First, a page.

According to a women’s rights organization, Saudi Arabia has freed two renowned women’s rights campaigners who had been detained for almost three years.
According to a women’s rights organization, Saudi Arabia has freed two renowned women’s rights campaigners who had been detained for almost three years. “Human rights defenders Samar Badawi and Nassima al-Sadah have been released following the expiry of the sentences against them,” ALQST for Human Rights said in a tweet on Sunday.
The activists were detained in August 2018 as part of a government crackdown on nonviolent protest at the time.
The majority of those detained, numbering in the hundreds, advocated for the freedom to drive and an end to the kingdom’s male guardianship system, which compels women to get the permission of a male relative before making significant choices.
Badawi won the International Women of Courage Award from the United States in 2012 for her efforts to reform the guardianship system, and she was one of the first women to sign a petition urging the government to allow women to drive, vote, and run for municipal office.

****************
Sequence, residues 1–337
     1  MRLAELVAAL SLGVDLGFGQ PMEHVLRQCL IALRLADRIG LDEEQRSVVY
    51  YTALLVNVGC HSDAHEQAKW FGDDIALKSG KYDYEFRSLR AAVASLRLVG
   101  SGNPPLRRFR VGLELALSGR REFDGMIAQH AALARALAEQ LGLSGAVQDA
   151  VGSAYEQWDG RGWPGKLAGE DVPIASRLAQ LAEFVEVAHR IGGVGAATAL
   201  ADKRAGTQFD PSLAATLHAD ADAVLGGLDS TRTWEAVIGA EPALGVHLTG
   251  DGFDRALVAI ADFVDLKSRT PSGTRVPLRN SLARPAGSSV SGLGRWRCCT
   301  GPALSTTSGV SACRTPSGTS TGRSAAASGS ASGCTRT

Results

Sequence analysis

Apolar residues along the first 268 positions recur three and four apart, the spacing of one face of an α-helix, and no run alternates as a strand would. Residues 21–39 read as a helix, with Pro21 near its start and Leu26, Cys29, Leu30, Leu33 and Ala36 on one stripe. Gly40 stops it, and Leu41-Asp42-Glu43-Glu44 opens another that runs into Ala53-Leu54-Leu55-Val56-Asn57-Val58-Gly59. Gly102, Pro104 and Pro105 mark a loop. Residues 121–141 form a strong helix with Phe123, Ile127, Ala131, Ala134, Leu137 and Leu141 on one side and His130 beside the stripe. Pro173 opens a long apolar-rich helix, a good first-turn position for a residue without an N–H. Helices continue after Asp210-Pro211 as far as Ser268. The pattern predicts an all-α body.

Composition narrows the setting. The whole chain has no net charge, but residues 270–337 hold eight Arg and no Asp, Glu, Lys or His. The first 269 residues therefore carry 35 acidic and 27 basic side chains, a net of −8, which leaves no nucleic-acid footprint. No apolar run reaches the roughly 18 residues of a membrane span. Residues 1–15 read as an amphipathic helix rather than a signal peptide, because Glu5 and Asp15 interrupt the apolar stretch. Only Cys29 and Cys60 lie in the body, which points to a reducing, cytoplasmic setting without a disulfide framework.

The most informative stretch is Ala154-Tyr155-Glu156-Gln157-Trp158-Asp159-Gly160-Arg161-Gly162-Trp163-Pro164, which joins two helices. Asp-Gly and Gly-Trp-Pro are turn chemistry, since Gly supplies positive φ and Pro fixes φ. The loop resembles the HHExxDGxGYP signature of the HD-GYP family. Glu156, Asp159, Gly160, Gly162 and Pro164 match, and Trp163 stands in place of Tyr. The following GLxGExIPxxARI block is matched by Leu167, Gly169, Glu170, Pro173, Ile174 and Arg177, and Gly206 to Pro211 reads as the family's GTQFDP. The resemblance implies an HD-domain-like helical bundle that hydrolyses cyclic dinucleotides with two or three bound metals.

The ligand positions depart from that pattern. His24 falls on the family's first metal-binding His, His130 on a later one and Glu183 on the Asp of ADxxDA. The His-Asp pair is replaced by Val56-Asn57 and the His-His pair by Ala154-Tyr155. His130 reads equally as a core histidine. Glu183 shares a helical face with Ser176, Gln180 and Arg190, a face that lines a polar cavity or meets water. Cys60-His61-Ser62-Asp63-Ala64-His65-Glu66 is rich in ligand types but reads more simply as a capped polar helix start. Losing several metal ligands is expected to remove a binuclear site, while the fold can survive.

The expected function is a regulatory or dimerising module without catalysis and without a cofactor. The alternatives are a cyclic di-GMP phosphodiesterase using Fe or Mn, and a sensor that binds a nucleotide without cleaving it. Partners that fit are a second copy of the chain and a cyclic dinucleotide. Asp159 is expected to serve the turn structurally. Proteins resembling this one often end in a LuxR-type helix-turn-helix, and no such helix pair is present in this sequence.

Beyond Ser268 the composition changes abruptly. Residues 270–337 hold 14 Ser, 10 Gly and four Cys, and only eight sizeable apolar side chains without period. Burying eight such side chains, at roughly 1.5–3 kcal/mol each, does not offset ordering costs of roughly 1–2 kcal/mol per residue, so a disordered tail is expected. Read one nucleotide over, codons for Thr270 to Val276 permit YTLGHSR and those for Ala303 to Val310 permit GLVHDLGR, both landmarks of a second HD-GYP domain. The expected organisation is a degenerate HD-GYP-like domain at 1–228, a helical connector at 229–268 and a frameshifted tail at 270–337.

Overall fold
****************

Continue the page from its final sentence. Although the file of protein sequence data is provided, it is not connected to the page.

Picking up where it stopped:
She is also Raif Badawi’s sister, a renowned human rights activist who was convicted to ten years in jail in 2014 for “insulting Islam” on his blog.
Al-Sadah, a Shia from the restive region of Qatif, has also advocated for the freedom to drive and the abolition of the guardianship system. She ran in the 2015 municipal elections, which were the first in which women ran for office.
Authorities eventually took her name off the list.
Eman al-Nafjan, Loujain al-Hathloul, Aziza al-Yousef, Aisha al-Manea, Ibrahim Modeimigh, and Mohammed al-Rabea are among the women’s rights activists imprisoned in 2018.
Saudi officials rationalized the arrests by claiming the campaigners had suspicious connections with foreign organizations and offered financial assistance to the “enemy overseas,” despite the fact that the decades-old ban on women driving had been lifted.